Famed shoe designer Sergio Rossi was a cobbler first and foremost. The creator of the eponymous brand, who died April 3 from complications from COVID-19, ‘changed the concept of the shoe’
“I was born among leather,” the Italian shoe designer Sergio Rossi once said.
Rossi did indeed grow up with a shoe in each hand, both helping his father, a boot-maker in San Maura Pascoli, to make shoes, and later selling them alongside his brother Franco on the Italian Riviera in the years after World War II.
“I have always thought of myself as a calzuler, a cobbler, then I became a ‘creative manager,’” said Rossi, who founded one of the world’s most famous shoe brands, Sergio Rossi, worn by the likes of Madonna, Naomi Campbell, Rihanna, Taylor Swift and Gwyneth Paltrow. “Watching my father at work I stole his trade.”
On April 3, Rossi died from complications from COVID-19 at the age of 84. He died in the city of Cesena, in his home region of Emilia-Romagna, not far from the town where he grew up. He is survived by his son Gianvito Rossi, also an acclaimed shoe designer with his own namesake brand.
“I am sure that we all remember Sergio as one of the shoemakers that changed the concept of the shoe,” Italian shoe designer Cesare Casadei said in a statement to Footwear News. “I remember Sergio as one of my father’s best friends and a close neighbor… He was a strong man with a vision, a fair competitor and a loyal man.”
Rossi was born in 1935. By the time he was a teenager, he was skilled at handcrafting shoes. By the time he was in his early 20s, he had taken over his father’s business.
It was in 1960, however, that he had his first big break: the actress Anita Ekberg wore one of his shoe designs in the Italian hit movie “La Dolce Vita,” which won both the Palme d’Or at the Cannes Film Festival and an Oscar for Best Costume Design. As a friend of director Federico Fellini, Rossi often dressed the leading actresses of Fellini’s movies—from “La Dolce Vita” to 1972’s “Roma”—in his designs.
In 1968, Rossi launched his namesake brand. His shoes soon became celebrated for their geometric patterns, their bright colors, and the slavish care with which they were produced: famously, each shoe took 14 hours—and an epic 120 stages—to make.
In the 1970s, Rossi began to collaborate with young Italian designer Gianni Versace; by the 1980s he was working with Dolce & Gabbana; and by the 1990s Gucci.
Aligning himself with prominent designers displayed a shrewd business brain. By siding with those making names in the fashion industry, Sergio Rossi became synonymous with style and luxury, while getting a free advertising boost.
Many of his designs became cult classics. That included the Opanca, a red kitten-heel sandal that left the foot stripped nude aside from delicate, barely-there straps; the classic Godiva stiletto pump; and the chunky-heeled, more practical Virginia.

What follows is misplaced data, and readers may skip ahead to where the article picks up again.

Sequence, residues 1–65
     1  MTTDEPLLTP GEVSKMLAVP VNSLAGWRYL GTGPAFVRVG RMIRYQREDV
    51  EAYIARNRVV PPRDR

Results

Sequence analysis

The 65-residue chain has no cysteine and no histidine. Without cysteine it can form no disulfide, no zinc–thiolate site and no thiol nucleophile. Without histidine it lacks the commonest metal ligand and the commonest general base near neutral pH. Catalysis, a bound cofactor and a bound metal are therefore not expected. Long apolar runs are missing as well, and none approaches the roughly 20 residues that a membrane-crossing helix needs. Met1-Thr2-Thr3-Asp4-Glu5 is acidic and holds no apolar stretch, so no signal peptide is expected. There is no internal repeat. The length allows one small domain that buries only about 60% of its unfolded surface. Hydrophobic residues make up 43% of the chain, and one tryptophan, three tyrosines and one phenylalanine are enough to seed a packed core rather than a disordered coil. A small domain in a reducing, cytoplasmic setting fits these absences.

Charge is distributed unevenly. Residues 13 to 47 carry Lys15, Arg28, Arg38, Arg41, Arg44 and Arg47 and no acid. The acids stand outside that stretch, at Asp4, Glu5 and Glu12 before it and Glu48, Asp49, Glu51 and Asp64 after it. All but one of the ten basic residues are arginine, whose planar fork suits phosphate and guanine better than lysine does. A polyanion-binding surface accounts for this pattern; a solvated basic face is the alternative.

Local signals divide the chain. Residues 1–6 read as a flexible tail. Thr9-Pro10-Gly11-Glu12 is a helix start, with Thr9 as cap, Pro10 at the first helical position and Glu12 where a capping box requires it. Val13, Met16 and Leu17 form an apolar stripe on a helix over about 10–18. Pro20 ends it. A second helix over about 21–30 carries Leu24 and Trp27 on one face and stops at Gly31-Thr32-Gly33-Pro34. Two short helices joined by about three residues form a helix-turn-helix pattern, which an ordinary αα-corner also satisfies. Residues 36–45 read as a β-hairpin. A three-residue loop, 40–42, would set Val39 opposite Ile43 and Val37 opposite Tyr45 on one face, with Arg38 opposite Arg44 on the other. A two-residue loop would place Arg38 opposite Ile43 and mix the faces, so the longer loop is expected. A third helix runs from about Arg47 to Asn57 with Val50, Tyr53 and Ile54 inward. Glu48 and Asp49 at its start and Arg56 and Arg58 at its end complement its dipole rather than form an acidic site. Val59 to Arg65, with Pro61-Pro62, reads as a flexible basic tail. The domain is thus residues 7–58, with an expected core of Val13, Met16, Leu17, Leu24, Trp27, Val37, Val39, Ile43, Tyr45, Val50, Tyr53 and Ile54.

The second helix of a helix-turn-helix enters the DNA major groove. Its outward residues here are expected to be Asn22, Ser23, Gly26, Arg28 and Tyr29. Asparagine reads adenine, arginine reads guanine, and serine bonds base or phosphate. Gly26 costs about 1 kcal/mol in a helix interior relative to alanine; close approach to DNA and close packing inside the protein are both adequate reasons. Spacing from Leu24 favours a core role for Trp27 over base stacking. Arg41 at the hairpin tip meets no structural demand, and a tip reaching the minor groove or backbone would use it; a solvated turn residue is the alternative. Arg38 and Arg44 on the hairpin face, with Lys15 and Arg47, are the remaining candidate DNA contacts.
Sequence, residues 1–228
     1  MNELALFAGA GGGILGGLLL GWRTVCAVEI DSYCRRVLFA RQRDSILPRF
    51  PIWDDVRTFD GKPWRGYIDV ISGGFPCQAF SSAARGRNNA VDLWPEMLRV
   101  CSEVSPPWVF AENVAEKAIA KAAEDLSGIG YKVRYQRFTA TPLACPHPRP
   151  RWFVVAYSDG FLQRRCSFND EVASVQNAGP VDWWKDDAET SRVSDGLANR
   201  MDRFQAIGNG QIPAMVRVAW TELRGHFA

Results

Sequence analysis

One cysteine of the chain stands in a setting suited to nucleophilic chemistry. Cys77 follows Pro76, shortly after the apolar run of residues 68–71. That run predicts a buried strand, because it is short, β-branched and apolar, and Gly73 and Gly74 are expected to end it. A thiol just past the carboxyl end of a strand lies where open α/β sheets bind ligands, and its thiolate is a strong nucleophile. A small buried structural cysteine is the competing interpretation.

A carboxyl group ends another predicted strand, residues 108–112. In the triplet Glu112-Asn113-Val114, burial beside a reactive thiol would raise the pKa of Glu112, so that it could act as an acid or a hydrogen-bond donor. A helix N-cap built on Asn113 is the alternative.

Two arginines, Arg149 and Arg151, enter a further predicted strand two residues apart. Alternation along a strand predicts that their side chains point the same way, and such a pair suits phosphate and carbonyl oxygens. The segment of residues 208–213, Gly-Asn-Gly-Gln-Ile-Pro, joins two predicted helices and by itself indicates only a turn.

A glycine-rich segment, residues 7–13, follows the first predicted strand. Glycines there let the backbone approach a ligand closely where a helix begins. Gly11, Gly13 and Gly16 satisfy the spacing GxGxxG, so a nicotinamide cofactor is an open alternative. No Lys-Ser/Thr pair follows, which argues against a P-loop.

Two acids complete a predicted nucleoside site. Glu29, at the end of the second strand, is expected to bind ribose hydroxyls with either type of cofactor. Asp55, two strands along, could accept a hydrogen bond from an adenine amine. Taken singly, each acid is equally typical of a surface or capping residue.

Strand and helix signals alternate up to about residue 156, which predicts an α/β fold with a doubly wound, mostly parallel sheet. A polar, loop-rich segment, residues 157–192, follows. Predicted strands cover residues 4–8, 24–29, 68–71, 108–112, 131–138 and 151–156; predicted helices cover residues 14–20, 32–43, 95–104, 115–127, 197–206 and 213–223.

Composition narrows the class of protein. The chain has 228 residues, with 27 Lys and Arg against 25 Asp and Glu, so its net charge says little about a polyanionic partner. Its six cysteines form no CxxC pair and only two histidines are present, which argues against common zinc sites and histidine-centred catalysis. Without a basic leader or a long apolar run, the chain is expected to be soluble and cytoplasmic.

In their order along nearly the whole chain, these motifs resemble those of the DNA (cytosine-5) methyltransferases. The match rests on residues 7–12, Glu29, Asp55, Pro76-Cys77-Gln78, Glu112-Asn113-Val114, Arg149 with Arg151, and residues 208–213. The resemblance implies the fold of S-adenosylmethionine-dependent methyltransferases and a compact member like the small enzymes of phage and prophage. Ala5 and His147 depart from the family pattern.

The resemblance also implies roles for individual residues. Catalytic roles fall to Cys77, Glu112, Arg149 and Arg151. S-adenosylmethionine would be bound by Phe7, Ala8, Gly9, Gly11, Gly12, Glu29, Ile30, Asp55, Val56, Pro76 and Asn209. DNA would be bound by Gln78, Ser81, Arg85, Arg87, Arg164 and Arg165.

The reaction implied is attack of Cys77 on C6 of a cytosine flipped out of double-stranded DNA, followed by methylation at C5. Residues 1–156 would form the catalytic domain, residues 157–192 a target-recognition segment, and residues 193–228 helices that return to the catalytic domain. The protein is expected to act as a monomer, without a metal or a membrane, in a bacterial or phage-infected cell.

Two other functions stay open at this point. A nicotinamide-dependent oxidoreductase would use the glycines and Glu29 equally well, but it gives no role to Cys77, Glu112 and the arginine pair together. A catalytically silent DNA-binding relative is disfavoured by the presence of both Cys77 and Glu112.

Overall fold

“Rossi wanted to create the perfect extension of a woman’s leg, and to this end, he was very successful,” said Rebecca Shawcross, senior shoe curator at the Northampton Museum and Art Gallery in England. “Some of the styles are very minimalist, adorning the foot but also accentuating its nakedness at the same time.”
Shawcross insisted that Rossi was “a shoemaker first and foremost.”
“He was able to invest this practical hands-on knowledge—how a shoe is made, the use of materials, the importance of fit and wearability—with his creative design flair,” she said. “He managed to create a brand that still felt it involved craftsmanship…. You get a sense that Rossi was still involved in the making process far more deeply than with other brands. He was hands-on.”
“Rossi married old-school craftsmanship with postwar Italian style,” said U.S.-based fashion historian Kimberly Chrisman-Campbell, author of ‘Worn on this Day: The Clothes that Made History.’ “His shoes were sexy but also wearable.”
When Rossi opened his first New York boutique in the late 1990s, around the same time as Jimmy Choo, he became “part of the luxury shoe renaissance immortalized in the TV show ‘Sex and the City,’” Chrisman-Campbell added.
Rossi sold the majority of his stake in the company in 1999 to the Gucci Group (now known as Kering) for US$96.2 million. In 2015, Kering PPRUY, -3.76% sold it on to the European investment group Investindustrial.
The ethos of his personality, however—with his focus on beauty and workmanship—lived on in the brand.
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“The label is still thriving, most recently positioning itself as an innovator in sustainability,” Chrisman-Campbell said. “Many of the most exciting shoe designers working today got their training there.”
In March, a few weeks before their founder died, the company announced it would donate 100,000 euros (US$109,200), and 100% of its online sales from March 14 to 20, to fight the coronavirus.
“Sergio Rossi was a master,” the brand’s chief executive, Riccardo Sciutto, said in a post on Instagram. “and it is my great honor to have met him.”
By Clarissa Sebag-Montefiore